Photo: ©Arlene Schindler
A notorious study conducted in the mid 1980s determined that a woman over the age of 40 has a better chance of being killed by a terrorist than getting married. Though that study was later found to be flawed, the thought lingers on in some even to this day. And even more so for women approaching 50, such as Sara, the protagonist of Arlene Schindler's sexy, heartfelt comedic novel, The Last Place She'd Look.
Sara is experiencing a dearth of romantic fulfillment, but it's not for lack of trying. We follow her awkward, painful, outrageous, hilarious search for love, happiness and a serious relationship from day spas to dominatrix dungeons, cheaters to narcissists. It's a romantic, thought-provoking middle-aged stew of 50 Shades of Grey, Bossypants, and "Sex and the City" -- Los Angeles version.
Sensual and desirous, Sara is frequently disappointed by and invisible to men deemed conventionally appropriate. She says, "My dating pool is getting so small, soon it will be the size of a shot glass."
Although the novel is perfect for women 40 and over in the dating pool, The Last Place She'd Look is filled with humor, insight, pain, defeat and sex that will be familiar and appealing to anyone who is in, has ever been in, or would like to be in the world of dating, including men. The novel deals, after all, to some extent, with a woman's insightful perception of men's perceptions of her:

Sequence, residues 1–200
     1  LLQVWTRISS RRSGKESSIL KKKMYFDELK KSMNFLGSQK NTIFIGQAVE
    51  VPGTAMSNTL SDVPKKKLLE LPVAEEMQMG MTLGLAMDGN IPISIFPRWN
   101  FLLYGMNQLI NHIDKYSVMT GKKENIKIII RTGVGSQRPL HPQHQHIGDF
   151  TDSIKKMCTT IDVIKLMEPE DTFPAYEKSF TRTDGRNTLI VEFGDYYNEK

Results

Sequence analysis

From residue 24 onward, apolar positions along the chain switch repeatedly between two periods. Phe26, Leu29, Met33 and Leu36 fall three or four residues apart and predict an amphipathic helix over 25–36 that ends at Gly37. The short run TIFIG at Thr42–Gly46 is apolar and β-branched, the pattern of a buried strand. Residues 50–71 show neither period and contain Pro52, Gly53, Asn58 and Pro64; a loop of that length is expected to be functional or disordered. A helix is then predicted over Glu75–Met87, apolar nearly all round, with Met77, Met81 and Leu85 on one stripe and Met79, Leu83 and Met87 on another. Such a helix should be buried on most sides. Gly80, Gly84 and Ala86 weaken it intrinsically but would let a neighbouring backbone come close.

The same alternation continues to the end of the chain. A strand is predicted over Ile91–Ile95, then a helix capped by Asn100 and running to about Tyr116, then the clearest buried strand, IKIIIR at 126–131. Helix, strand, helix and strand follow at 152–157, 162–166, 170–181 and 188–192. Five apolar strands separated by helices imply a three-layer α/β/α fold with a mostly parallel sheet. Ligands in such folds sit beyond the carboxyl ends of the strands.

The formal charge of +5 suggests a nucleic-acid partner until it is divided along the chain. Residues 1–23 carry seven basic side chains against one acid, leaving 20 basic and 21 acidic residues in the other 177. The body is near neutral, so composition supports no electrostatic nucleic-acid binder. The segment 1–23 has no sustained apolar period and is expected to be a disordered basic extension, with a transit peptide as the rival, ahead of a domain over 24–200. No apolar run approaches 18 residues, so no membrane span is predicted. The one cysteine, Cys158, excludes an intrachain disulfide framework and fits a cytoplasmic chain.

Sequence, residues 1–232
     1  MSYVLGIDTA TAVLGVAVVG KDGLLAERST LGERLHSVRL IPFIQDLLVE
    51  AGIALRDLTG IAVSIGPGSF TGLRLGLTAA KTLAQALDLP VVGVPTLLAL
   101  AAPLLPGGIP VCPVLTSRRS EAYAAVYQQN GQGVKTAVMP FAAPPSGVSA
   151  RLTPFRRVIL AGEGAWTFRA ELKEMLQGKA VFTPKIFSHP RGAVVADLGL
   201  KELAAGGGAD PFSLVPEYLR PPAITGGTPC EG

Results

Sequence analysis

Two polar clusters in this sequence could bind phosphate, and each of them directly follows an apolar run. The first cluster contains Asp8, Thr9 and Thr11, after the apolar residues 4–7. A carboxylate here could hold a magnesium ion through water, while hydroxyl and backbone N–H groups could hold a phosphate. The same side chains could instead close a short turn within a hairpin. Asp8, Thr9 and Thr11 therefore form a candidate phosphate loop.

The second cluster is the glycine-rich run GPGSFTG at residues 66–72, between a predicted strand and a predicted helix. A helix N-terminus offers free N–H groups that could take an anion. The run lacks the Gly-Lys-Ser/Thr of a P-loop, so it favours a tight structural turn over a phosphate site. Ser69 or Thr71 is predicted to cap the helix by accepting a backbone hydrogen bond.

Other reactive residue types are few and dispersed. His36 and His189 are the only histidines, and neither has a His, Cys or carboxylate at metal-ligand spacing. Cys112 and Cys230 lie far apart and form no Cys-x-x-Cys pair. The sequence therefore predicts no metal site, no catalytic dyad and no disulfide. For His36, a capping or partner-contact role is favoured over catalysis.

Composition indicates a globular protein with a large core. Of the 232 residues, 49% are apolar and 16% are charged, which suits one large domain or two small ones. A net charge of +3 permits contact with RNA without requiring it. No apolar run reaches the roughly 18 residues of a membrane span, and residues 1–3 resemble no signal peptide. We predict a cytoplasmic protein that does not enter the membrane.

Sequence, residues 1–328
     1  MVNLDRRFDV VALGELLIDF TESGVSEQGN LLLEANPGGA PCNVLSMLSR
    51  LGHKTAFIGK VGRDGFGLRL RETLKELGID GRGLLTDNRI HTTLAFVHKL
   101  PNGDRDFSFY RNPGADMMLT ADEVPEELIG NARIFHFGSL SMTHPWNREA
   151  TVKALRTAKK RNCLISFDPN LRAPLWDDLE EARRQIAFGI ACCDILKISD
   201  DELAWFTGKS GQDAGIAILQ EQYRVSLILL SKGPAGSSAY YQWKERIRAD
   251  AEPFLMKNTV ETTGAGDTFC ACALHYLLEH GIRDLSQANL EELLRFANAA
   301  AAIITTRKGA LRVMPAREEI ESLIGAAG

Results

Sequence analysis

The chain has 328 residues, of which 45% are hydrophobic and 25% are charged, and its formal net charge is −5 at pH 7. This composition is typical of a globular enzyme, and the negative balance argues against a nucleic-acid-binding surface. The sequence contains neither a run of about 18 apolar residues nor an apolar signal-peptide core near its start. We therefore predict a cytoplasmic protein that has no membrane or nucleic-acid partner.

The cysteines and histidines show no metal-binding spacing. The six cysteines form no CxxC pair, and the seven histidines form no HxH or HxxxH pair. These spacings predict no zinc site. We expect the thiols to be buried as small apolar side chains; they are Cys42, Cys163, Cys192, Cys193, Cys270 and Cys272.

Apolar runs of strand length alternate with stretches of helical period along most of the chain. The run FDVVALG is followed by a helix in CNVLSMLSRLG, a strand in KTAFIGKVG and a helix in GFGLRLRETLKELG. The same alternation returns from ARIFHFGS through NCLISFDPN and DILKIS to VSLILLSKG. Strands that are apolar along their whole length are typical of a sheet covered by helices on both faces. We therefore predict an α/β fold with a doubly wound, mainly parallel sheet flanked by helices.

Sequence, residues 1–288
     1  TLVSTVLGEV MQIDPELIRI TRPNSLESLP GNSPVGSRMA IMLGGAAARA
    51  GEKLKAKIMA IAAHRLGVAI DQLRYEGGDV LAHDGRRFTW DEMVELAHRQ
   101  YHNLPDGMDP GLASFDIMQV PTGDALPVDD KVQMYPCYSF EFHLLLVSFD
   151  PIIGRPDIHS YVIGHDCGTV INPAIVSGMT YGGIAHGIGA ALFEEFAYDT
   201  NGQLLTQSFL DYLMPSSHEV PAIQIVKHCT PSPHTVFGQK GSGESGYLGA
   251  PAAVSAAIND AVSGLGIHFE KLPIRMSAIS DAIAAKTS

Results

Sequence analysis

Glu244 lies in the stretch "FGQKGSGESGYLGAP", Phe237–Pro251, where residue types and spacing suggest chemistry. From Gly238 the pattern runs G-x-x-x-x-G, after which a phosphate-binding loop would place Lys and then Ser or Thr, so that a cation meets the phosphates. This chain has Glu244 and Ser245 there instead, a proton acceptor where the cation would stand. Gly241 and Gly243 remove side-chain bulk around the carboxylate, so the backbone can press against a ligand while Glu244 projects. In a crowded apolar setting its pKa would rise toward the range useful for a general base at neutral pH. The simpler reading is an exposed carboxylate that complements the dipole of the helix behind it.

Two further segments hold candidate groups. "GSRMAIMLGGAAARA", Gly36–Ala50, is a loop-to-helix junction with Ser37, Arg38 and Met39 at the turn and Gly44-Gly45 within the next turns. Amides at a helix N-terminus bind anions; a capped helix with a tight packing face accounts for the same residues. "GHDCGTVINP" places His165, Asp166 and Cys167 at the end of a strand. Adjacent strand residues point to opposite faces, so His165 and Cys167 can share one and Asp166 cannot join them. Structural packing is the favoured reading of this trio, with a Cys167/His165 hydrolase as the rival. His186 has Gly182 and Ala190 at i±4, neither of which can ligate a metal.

"What did men see when they looked at me? Many times when our eyes met for the first time, I sensed they were saying, "Light me up, right now. Show me the magic of your hot, sexy love." Who can live up to that one-minute do-or-die first impression? Comedian Bill Maher said, "There comes a time when women should just forget about men. It's called menopause." Was this happening to me? Having spent most of my life as a celibate heterosexual, this was a tough concept to embrace. Then I thought, "Was I an unsuccessful heterosexual?" I'd been climbing the penis tree for so long, the results were seldom worth the hike. If I was as wonderful, funny, and interesting as most friends said I was, then why was finding a relationship so difficult?"
The Last Place She'd Look is a delicious and fun read that will resonate with anyone who's spent time in today's dating jungle, whosever doubted themselves and their romantic appeal, whosever gone a little wild in experimenting in order to make a romantic connection. Some may refer to this as "Chic Lit," but I couldn't put it down.
The author, Brooklyn-born Arlene Schindler, originated the comedy review column for The New York Post, with reviews and profiles of comedians appearing in New York City. She was a relationship expert/guest guru for America Online's Love-on-Line, and a writer/editor for WOMAN Magazine and Playgirl, as well as having written for The Los Angeles Times, Daily Variety and Creative Screenwriting. Arlene is also a regular on the spoken word circuit in Los Angeles, where she tells raucous tales about women's secrets and desires; the hidden sex lives of today's "mature" woman.